China has maintained from the outset that Meng’s arrest was politically motivated. Canada and the U.S. have strenuously denied it but plenty of American and Canadian experts nevertheless share Freeman’s view that she was a political bargaining chip.

That view was fuelled by former U.S. president Donald Trump, who was attempting to negotiate a trade deal with China at the time of Meng’s arrest and who said he’d intervene in her extradition case “if I think it’s good for what will be the largest trade deal ever made.”

John Manley, a former Liberal deputy prime minister and Canadian foreign affairs minister, said at the time that Trump’s comments had “given Ms. Meng’s lawyers quite a good reason to go to the court and say, ‘This is not an extradition matter. This is actually leverage in a trade dispute and it’s got nothing to do with Canada.”’

Woo notes that Manley and others who have echoed similar views have not been denounced as mouthpieces for China.

That’s a specific kind of opprobrium, he believes, meant to stigmatize people of Chinese descent and he’s worried about where the rising tide of anti-Asian sentiment in Canada could lead.

“I am Exhibit A, if you will, only because I have a bit of public profile,” Woo said in an interview.

“But there are many others in the community who do not have my protections and are genuinely fearful of the increasing typecasting and stigmatization that’s going on.”

Woo was actually born in Malaysia and raised in Singapore before coming to Canada at age 16.

He has been accused of being unabashedly “Beijing friendly,” a mouthpiece and lobbyist for the Communist Party of China, even though he points out he’s “three generations removed from the mainland (China).”

He fears recent immigrants from China, who still have connections to family there, are considered even more suspect and are less able to defend themselves.

Woo points to reports suggesting that Chinese Canadians might have been influenced by or acting on the behest of China when they voted in last month’s federal election, resulting in the defeat of several Conservative incumbents who had advocated a hardline stance against Beijing.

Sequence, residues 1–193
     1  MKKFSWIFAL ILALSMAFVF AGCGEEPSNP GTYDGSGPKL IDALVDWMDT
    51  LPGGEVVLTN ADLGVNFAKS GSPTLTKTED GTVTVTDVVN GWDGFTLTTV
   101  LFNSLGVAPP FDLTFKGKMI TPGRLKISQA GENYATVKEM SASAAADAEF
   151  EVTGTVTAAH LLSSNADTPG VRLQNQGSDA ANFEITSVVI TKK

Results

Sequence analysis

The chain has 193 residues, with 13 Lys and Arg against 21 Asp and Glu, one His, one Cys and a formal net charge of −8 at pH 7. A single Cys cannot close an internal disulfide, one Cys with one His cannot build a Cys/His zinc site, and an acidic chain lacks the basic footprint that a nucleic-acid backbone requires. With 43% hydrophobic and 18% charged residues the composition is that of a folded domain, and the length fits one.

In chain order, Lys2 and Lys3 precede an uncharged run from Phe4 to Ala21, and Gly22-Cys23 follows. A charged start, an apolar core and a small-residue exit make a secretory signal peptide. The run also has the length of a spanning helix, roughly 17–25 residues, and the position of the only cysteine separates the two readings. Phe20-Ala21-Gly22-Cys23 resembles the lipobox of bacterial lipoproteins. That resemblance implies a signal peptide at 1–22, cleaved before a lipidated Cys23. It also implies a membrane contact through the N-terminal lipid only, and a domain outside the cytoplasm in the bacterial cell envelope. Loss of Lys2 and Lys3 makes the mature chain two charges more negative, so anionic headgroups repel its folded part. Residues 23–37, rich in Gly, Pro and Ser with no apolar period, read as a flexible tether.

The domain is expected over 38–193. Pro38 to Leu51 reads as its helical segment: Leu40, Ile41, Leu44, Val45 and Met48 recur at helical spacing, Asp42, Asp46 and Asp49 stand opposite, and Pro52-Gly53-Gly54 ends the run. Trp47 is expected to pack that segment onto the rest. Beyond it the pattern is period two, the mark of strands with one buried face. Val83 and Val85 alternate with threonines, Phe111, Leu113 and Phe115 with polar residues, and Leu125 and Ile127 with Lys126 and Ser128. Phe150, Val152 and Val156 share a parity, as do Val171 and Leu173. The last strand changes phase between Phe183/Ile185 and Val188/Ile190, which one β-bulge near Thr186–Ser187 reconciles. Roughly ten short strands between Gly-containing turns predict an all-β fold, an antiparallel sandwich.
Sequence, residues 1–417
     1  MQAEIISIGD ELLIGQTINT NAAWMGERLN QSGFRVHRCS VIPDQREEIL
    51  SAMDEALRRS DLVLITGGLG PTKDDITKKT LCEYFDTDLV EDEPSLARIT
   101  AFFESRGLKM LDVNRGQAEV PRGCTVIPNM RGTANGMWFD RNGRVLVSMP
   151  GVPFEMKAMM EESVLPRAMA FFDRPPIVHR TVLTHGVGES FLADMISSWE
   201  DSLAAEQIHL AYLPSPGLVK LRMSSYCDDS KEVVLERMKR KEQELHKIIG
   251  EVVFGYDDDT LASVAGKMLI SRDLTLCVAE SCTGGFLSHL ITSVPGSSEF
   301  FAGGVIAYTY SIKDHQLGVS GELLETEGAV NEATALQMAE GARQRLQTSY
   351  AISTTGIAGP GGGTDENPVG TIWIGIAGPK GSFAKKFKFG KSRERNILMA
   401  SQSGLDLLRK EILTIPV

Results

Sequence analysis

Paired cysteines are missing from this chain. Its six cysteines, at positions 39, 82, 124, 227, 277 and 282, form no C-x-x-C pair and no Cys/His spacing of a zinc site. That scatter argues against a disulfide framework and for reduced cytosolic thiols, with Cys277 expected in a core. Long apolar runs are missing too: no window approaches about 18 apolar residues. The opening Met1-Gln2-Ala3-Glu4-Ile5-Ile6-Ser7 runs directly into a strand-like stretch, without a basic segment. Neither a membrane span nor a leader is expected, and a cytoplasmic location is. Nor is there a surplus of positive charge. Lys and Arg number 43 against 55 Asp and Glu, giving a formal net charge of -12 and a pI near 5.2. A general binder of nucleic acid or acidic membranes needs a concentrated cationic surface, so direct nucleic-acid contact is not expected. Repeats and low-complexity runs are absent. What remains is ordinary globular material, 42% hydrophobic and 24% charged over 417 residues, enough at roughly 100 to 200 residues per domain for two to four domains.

“This is really a slanderous and dangerous way of thinking because it makes assumptions about Chinese Canadians ? who have views that may not be mainstream (and) it presumes that they are not able to think for themselves,” he said.

“The accusation that they are foreign agents or stooges of the Chinese government is a very, very serious allegation and, of course, hearkens back to the days of McCarthyism when careers were ruined and lives were lost and we have to be very careful not to go back to that place.”

One of those defeated Conservative MPs, Kenny Chiu, who lost his B.C. riding to a Liberal in the Sept. 20 election, told The Canadian Press that during the campaign there were WeChat posts he says contained false information about the Conservatives and allegations a private member’s bill he tabled would discriminate against Chinese Canadians. But he also said his party could have done a better job speaking directly to members of that community.

When Woo spoke against the motion labelling China’s treatment of Uyghurs a genocide last June, he argued that Canada, given its history of forcing Indigenous children to attend residential schools, should not try to lecture China from a position of moral superiority on human rights.

Rather, he said, Canada should appeal to its Chinese “friends” not to make the same morally wrong and societally damaging mistake of trying to repress and forcibly assimilate a minority group.

Sen. Peter Harder, the former government representative in the Senate who now sits with the Progressive Senate Group, made a similar argument.

Sen. Peter Boehm, a former senior Global Affairs bureaucrat and Sherpa for prime ministers at G7 summits, argued that the motion’s “few paragraphs of what passes for megaphone diplomacy” would accomplish nothing, other than to anger China and possibly hurt attempts to win the release of Kovrig and Spavor.

Boehm, a member of the Independent Senators Group, said in an interview that both he and Harder got “a few brickbats” for their speeches, including from his former colleague, Alexander.

Alexander could not be reached for comment in time for publication.

“What I was getting was ‘You’re an experienced diplomat, you should know better, shame on you.’ That was basically what I was getting from Chris Alexander and from others who consider themselves experts,” Boehm said.

But unlike Woo, he said: “No one has tweeted or commented that I should go back to China.”

Boehm agrees with Woo that “there’s a correlation here with anti-Asian racism on the rise in Canada and some of this is permeating into the utterances or what various Canadians who should know better are putting on their social media feeds.

“I think it’s unfair and demeaning.”

Source: https://globalnews.ca/news/8239522/senator-yuen-pau-woo-twitter-backlash/?utm_campaign=David%20Akin%27s%20🇨🇦%20Roundup&utm_medium=email&utm_source=Revue%20newsletter

Senator [Woo] warns China might not free Spavor and Kovrig in Meng deal if Canada not part of effort

Sigh… Not wise or helpful:

An expert in Canada-Asian relations is warning a future U.S. deal to set free Huawei executive Meng Wanzhou may not lead to the immediate release of two Canadians locked up in China – particularly if Ottawa is not seen as having played a significant role in her release.